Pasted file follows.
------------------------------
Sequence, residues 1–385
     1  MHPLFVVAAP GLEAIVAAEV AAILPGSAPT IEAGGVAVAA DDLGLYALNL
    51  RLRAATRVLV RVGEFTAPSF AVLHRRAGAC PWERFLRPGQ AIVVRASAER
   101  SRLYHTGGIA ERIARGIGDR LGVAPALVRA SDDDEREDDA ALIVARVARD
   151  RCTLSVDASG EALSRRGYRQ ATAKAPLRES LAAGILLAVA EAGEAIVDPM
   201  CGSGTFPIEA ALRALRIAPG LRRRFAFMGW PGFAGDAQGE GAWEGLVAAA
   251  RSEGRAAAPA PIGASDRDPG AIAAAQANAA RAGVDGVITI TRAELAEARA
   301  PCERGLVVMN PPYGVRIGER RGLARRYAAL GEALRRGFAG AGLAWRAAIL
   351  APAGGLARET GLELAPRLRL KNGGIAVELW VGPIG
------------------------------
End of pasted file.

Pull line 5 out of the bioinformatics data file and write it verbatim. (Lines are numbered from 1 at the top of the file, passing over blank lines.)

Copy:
   151  RCTLSVDASG EALSRRGYRQ ATAKAPLRES LAAGILLAVA EAGEAIVDPM